There are a couple of services I know of that still bill for their 1st responder services for an EMS run, despite who transported. Otherwise, have you considered sending a bill to the EMS providers for equipment your dept had to use? While this stuff basically covers the EMS aspect of disposable and durable goods, but can help offset the training needed. Quite frankly, I find it confusing that the FD would absorb all EMS related costs for providing a 1st responder service, without recouping some of those costs.
Tell us more about your department. Number of Firefighters, apperatus, coverage area, etc.
Also does your dept. respond to car accidents, do they do extrication?
I am sitting here shaking my head at your complete lack of professionalism and class and your childish response to my post. I never called you a single name and stayed on topic. Too bad you can't say the same thing. Anger is usually the last sign of defeat in a discussion.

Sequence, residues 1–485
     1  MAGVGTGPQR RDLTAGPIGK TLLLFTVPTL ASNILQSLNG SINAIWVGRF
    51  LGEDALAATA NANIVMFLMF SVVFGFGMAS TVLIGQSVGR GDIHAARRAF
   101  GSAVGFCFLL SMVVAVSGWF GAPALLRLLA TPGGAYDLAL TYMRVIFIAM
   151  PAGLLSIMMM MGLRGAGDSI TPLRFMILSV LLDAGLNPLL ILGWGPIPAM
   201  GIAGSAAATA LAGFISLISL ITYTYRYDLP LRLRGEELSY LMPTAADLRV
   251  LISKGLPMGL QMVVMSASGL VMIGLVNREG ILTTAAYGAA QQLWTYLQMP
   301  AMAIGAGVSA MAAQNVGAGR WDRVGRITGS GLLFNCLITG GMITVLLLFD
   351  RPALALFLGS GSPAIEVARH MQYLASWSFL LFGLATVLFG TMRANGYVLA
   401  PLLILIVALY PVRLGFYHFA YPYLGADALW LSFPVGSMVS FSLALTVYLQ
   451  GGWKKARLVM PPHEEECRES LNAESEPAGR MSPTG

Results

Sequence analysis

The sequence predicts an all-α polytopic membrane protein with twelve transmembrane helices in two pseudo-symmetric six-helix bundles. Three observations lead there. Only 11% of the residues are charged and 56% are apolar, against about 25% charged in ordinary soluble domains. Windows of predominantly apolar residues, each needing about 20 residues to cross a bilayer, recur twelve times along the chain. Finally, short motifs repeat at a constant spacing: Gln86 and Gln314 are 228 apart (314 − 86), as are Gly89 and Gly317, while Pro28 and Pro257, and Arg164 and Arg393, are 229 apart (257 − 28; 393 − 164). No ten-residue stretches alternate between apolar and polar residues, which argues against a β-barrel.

Just because I don't like incorrect statistics let me correct your math. 3000 runs a year averages out to just over 8 calls a day for your entire department. My career FD runs about 5400 calls a year and that averages out to over 14 calls a day. We have 3 stations and cover a city of 50K population and we add about 100K to that for employees, shoppers, and visitors.
This thread is over 2 years old by the OP. It was resurrected for whatever reason. Just don't hold your breath for an answer to your question, 55.
My brother lives in a town where the vol fire company won't run EMS calls. I understand they have two towns just along the interstate (North and South of the town) that have rescue squads that will respond to their area. Now the area outside the town is rural mountain and farming area so you have some back roads and off road areas which require 4x4 vehicles to get to some of them.
Now there is a county fire and ems service with career personnel and a chief of sorts that could rule over what the vol depts want to do and change the way they operate.
I guess at anytime the fire company may have to start running ems calls or place a ambulance or ems response vehicle in their station.